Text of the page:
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5 Reasons to Clear Mental Clutter Periodically

5 Reasons to Clear Mental Clutter Periodically

Of course you will clear your desk, room and garage regularly of clutter. The space you free up is sometimes astonishing and you wonder how on Earth you actually put up with it. The mental clutter and chaos in our minds is not dissimilar. Once we manage to do a mental clear out, we are amazed at the liberating effect and it really can help us to live happier and more fulfilled lives. Here are 5 reasons to clear all the mental clutter at regular intervals and some tips on how to actually do it.

1. You need to detox.

There are too many things to look after and being super connected with a smartphone just aggravates the situation. We will look at methods of actually clearing it out but first you should consider how physical exercise will help you because the mind and body are inextricably linked. If you read Daniel Amen’s book called Change Your Brain, Change Your Life, you will realize that exercise, proper diet, and restful sleep will help you detox. Once you feel better physically, the mental clutter will begin to clear away. This is so liberating.

2. You need to let go of negative experiences.

Most experts call this closure. It means clearing out the grief, the resentment and the regrets about wrong decisions. These are occupying too much space and they are preventing you from concentrating on new projects and achieving objectives. You will need time for healing after a bereavement. Learn to let it go and walk through the pain. Simple meditation techniques are a great way to help the transition to positivity and hope.

3. You need to get your attention back.

Daylight robbery! This is what the Internet and the smartphones do with our attention. They steal it all the time. We are so districted that it becomes impossible to give projects and relationships our undivided attention. Distractions are useless clutter and compete shamelessly for our focus. These distractions are destructive in that they murder creativity and problem solving. They have been called continuous partial attention by one psychologist. You really have to make a conscious effort not to let them take over.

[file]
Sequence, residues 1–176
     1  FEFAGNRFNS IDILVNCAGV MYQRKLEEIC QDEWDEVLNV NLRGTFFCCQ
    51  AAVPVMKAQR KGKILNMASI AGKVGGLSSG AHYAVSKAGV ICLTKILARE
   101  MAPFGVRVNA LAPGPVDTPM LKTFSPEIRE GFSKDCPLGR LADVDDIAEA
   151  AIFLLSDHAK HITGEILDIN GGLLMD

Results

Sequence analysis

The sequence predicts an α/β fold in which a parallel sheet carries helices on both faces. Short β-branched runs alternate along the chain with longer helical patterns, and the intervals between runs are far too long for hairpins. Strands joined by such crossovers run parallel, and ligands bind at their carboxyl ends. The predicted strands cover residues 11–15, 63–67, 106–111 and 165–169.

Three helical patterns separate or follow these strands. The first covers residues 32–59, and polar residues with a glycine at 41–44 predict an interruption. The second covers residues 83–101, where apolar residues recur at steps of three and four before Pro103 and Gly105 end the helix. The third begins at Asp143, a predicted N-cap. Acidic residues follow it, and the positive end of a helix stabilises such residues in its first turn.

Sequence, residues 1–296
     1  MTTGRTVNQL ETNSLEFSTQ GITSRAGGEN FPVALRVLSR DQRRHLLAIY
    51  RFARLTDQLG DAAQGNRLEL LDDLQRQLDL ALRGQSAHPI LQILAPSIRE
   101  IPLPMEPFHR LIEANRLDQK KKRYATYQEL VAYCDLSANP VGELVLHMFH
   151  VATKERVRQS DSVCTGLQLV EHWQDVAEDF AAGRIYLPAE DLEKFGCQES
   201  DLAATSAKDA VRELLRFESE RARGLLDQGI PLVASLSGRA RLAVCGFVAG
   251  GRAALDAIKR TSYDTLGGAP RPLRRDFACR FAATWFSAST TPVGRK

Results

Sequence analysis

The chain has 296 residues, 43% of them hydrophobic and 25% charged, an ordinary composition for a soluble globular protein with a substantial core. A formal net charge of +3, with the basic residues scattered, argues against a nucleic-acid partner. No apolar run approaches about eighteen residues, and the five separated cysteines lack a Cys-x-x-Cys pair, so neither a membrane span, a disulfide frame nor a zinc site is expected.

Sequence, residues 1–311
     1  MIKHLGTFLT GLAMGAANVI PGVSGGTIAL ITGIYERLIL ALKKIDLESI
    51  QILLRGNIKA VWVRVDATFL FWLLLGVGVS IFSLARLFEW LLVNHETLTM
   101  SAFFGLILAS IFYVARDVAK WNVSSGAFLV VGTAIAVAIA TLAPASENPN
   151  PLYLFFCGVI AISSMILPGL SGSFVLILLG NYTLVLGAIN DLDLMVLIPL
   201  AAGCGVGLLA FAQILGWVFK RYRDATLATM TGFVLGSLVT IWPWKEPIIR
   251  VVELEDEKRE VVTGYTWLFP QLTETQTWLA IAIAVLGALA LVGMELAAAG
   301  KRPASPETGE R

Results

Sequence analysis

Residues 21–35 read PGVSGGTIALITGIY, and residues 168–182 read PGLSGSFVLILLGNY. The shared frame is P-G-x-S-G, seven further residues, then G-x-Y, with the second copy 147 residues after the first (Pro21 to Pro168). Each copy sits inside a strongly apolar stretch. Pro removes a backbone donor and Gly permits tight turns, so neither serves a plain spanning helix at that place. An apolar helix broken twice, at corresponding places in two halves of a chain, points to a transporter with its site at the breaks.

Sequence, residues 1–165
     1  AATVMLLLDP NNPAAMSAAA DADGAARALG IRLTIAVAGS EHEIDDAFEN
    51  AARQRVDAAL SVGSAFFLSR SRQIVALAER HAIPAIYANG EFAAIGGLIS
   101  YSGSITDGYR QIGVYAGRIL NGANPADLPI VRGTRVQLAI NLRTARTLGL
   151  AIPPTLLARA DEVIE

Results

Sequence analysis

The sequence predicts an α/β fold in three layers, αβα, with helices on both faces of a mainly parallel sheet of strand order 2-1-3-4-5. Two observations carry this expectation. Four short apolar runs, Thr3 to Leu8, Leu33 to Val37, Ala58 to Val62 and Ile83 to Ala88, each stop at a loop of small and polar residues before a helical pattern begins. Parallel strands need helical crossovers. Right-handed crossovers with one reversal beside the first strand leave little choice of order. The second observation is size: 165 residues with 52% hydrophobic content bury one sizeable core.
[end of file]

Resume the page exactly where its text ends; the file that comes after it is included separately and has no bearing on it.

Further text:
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4. You need to let go of fears and worries.

These are great busybodies. The ‘what ifs’ are always present. The fears mount up. Yesterday, the train stopped on a high bridge over the motorway and the lightning was scary. I could not clear my mind of what might happen. Nothing did and I regretted that I was not disciplined or mindful enough to dismiss those stupid fears. Fear and anxiety are toxic and they cannot affect the outcome in any way. One expert believes that we can thrash up to 30% of our worries.

“How would your life be different if…You stopped worrying about things you can’t control and started focusing on the things you can? Let today be the day…You free yourself from fruitless worry, seize the day and take effective action on things you can change.”

—Steve Maraboli, Life, the Truth, and Being Free

5. You are in fight-or-flight mode.

“I am an old man and have known a great many troubles, but most of them have never happened.”

—Mark Twain

All those troubles, problems and regrets are taking up an enormous amount of space. You are in a constant state of fight-or-flight. When you are in this mode you are always ready for emergencies so blood pressure and stress levels rise. Once you manage to get this into perspective, you will be able to “rest and digest” mentally which can help limit the damage and steer you towards mindfulness.

Tips to help you de-clutter your mind.

1. Try deep breathing.

Did you know that Navy Seals have to use this technique to help them cope with a stressful situation? They are told to use the STOP technique. ‘S’ is to stop what they are doing. ‘T’ stands for taking a deep breath, ‘O’ is for observing what is going on around them and ‘P’ stands for proceed.

“We win in our mind before we enter the battlefield.”

—Navy Seals motto

2. Become aware of the present.

As we said above, worries are pretty useless pieces of baggage and will have no effect whatsoever on the outcome. The best way to get a clear, calm and alert mind is to practise mindfulness or present moment awareness. One effective method is to give your mind the job as gatekeeper and tell it that certain thoughts are not to be let in. You can repeat the mantra “Now is the time to be aware of the present moment. I let go of the past and the future.” Then focus on sounds, bodily sensations and thoughts so that your mind is becoming more disciplined and tidier. As you do this you will become aware of your deeper breathing which is essential. Many people find great benefit in doing yoga and meditation in various forms to achieve this mental de-cluttering.